Today we bring you Jen Nadol – debut author of young adult speculative fiction title, The Mark. We were very impressed with her first book, so we were thrilled when Jen agreed to have a chat with us.
Ladies and gents, please give it up for the talented Jen Nadol!
The Book Smugglers: First and foremost, thanks for taking the time to “chat” with us! The Mark is your debut novel, about a sixteen-year-old girl that can see a person’s imminent death. Can you tell us a bit about your book, and what the impetus was for you to write about a girl being able to “see” the time of a person’s death?
Jen: The idea of knowing it was someone’s last day just kind of came to me when I was trying to think of a story idea. There’s so much conflict and possibility inherent in a “gift” like that and so many directions it can take you …it really got my brain churning. Enough that I knew I could write a book – or more! – about it.
The Book Smugglers: If you had Cassie’s power and saw a stranger with the mark, would you tell them that they are going to die within the day?
Jen: I really don’t know. I think I’d struggle with it, much as Cassie does. There are so many ways it can go wrong and so many it can go right. It’s almost an impossible question.
The Book Smugglers: You graduated from university and started an everyday job, and years later decided to write a young adult novel. Why or what made you decide to write a book? Have you always been a writer?
Jen: I’ve always wanted to be a writer, but for most of my life wrote only when the mood struck which meant I could – and did – go long periods without writing at all. I think that’s how, in the years working my everyday job, I actually forgot I’d meant to write. It just kind of slipped away. Then, I stopped working to stay home with kids and, in the shock of not having a “job”, remembered I had this buried thing that I’d never really given a fair try. I couldn’t believe I’d honestly forgotten it. But I had. I’m stubborn enough that, once I’d decided to try writing a book, I wasn’t going to quit until I’d done it. That’s how I learned that, to be a writer, you can’t wait until the mood strikes. You just sit down and write.
The Book Smugglers: The YA genre is one that seems impervious to economic/publisher hardships, and has been experiencing a pretty crazy boom in popularity and crossover appeal over the past few years. Why did you choose to write a young adult novel? Do you have any favorite YA authors or books you admire?
Jen: I didn’t even realize I was writing YA. When I was growing up, the genre didn’t really exist so I’d never read it. It was only after the book was done and on submission to agents that one of them told me that she didn’t think it was an adult novel at all – which is how I was submitting it – but YA. Wow, I realized. It is! And so is everything else I want to write. Duh!
YA is pretty much all I read now. Some of the books I’ve loved: The Hunger Games, After by Amy Efaw,
The Book Smugglers: The idea of “the mark” is an intriguing one, and you draw on numerous philosophies in your book (Aristotle, Socrates and Kierkegaard, to name a few). Did you do a lot of research to flesh out the mythology of this power? Perhaps attend any philosophy classes, as Cassie does in your book?
Jen: I took Philosophy in college and remember the class pretty well because it was hard. I didn’t need to re-immerse myself in the setting, but definitely in the material. I read a LOT of philosophy – waaaayyy more than made it into The Mark. And, I did a bunch of research on the mythology as well.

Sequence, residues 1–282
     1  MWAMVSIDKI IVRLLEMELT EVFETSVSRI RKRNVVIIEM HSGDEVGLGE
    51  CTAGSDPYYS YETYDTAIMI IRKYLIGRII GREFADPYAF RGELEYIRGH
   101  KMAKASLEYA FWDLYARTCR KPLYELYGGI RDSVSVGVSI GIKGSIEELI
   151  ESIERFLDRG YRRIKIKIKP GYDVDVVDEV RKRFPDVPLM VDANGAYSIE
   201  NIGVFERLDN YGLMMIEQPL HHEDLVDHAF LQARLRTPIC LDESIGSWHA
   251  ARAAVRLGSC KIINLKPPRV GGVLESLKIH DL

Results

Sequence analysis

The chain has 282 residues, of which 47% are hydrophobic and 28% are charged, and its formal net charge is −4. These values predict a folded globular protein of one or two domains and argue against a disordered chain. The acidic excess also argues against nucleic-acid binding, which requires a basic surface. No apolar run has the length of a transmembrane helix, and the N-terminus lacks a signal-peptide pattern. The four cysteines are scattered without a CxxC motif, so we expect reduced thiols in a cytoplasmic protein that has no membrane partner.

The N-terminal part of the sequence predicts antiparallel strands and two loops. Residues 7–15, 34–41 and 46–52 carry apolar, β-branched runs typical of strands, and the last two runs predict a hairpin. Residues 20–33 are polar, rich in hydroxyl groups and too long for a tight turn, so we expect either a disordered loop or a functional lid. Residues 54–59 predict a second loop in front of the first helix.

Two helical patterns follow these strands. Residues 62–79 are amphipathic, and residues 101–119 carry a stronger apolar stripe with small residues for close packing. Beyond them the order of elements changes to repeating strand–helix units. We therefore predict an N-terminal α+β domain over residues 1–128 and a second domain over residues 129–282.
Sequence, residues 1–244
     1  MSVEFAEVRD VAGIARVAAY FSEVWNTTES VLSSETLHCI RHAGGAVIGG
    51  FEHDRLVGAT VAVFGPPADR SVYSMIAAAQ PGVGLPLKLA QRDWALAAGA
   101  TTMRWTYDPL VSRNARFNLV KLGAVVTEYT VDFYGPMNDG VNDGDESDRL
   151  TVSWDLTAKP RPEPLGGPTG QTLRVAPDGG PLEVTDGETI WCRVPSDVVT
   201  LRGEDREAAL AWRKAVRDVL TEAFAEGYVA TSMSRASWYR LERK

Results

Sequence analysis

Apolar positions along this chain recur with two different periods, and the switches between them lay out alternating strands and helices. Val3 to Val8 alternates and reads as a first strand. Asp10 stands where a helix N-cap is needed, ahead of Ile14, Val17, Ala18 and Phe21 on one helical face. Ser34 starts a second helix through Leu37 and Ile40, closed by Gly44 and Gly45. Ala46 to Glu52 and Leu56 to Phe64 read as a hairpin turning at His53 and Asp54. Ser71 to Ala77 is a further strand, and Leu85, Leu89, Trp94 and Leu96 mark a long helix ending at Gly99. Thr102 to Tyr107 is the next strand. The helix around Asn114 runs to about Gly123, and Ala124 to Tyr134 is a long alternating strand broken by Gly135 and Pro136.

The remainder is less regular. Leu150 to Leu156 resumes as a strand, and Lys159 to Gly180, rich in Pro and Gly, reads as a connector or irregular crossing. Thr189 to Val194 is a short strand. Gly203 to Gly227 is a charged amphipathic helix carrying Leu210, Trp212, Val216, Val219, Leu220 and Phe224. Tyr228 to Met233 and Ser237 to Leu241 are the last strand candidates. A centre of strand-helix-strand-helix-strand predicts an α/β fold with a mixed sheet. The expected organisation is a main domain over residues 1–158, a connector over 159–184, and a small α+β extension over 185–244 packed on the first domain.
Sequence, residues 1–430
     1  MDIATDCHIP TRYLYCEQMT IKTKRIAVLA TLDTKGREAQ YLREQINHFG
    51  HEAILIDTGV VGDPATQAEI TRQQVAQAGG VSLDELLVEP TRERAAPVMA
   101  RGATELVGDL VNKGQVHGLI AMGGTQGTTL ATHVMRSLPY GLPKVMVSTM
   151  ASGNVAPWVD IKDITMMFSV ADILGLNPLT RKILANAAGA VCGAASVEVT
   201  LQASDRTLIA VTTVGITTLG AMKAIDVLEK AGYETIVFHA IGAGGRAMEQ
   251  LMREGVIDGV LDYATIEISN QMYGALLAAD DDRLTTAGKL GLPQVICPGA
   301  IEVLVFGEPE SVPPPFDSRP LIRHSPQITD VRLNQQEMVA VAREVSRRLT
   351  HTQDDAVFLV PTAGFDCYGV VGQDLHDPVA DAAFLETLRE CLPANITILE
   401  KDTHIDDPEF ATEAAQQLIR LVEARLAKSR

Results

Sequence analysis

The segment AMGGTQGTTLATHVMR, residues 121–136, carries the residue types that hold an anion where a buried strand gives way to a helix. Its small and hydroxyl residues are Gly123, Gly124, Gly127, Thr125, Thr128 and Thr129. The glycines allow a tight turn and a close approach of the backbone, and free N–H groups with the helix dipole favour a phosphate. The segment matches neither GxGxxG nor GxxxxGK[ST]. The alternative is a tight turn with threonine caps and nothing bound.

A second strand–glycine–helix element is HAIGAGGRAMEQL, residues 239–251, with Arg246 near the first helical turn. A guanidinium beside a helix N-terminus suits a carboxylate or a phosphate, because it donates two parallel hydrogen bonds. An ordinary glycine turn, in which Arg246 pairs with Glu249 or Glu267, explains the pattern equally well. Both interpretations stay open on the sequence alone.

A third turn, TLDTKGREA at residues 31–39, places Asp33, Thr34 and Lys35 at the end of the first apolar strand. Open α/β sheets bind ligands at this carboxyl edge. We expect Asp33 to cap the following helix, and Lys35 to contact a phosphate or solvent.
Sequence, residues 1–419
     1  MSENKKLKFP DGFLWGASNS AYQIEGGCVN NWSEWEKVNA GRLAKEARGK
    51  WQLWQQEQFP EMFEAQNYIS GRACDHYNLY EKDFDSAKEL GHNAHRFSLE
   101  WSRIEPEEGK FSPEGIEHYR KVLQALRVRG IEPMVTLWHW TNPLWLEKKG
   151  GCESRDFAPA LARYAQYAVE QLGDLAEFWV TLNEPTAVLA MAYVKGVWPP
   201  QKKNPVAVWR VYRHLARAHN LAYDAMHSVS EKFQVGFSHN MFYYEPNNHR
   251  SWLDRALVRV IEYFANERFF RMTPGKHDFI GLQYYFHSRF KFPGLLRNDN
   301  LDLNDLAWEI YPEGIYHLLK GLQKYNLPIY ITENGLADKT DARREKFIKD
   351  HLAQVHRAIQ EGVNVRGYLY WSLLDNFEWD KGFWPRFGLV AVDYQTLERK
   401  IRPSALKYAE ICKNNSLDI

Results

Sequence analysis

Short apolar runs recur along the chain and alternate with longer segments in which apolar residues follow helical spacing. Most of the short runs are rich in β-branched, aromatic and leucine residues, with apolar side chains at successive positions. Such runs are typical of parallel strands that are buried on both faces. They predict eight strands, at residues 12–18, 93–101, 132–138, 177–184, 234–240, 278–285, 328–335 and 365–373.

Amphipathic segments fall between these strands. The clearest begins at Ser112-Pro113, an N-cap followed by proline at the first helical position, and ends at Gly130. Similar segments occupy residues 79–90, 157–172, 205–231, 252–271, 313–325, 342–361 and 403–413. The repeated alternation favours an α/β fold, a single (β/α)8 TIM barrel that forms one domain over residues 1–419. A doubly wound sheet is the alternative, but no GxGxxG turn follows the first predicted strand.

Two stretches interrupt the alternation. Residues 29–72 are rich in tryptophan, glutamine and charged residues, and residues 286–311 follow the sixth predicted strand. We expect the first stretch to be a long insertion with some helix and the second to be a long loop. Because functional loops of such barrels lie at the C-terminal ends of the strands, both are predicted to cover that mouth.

The Book Smugglers: What writing projects do you have on the horizon? Will there be a sequel to The Mark (pretty pretty PLEASE!)?
Jen: Yes, there is a sequel that I’m just starting edits on with Bloomsbury. It will be out sometime in 2011. And I have three other YA novels in early stages, patiently waiting their turn.
The Book Smugglers: The world is about to end, and you can save ONE book, ONE movie, and ONE TV show. QUICK! What are they?
Jen: Where am I going with these things if the world is ending? Won’t I die too? Or am I getting on a spaceship like in that Bruce Willis movie where the oil riggers blow up the asteroid? And no, that would not be the movie I save.
Irl, I’d save things that would help me survive, but since I don’t know where I’m going, I’ll save the most comprehensive Thesaurus I can find, Fletch and Lost.
The Book Smugglers: We Book Smugglers are faced with constant threats and criticisms from our significant others concerning the sheer volume of books we purchase and read – hence, we have resorted to ’smuggling books’ home to escape scrutinizing eyes. Have you ever had to smuggle books?
Jen: Okay, this is terrible, but I was staying at a friend’s house over some break or other in college and started reading a book that was on their parents’ bookshelf, but I didn’t get through it and smuggled it out in my bag so I could finish. Isn’t that awful? Why didn’t I just ask if I could borrow it? And it was some trashy paperback mystery to boot.
My books seem to go missing all the time, though, so I think karma’s come back around…
About Jen Nadol: I grew up in Reading, Pennsylvania, hometown of Taylor Swift, John Updike and A.S. King.
This is me in high school. I liked to dye my hair, shop at thrift stores and listen to a lot of Depeche Mode, The Cure, and Erasure. My favorite book was The Stand.
I went to college at American University in Washington DC and graduated with a Lit degree which spent the next twelve years collecting dust while I worked in human resources for a national retail chain.
Now I live north of NYC in an old farmhouse with my husband and three young sons. I still love thrift stores, listen to just about anything from Mozart to My Chemical Romance, and have way too many favorite books to name.
THE MARK is my first novel.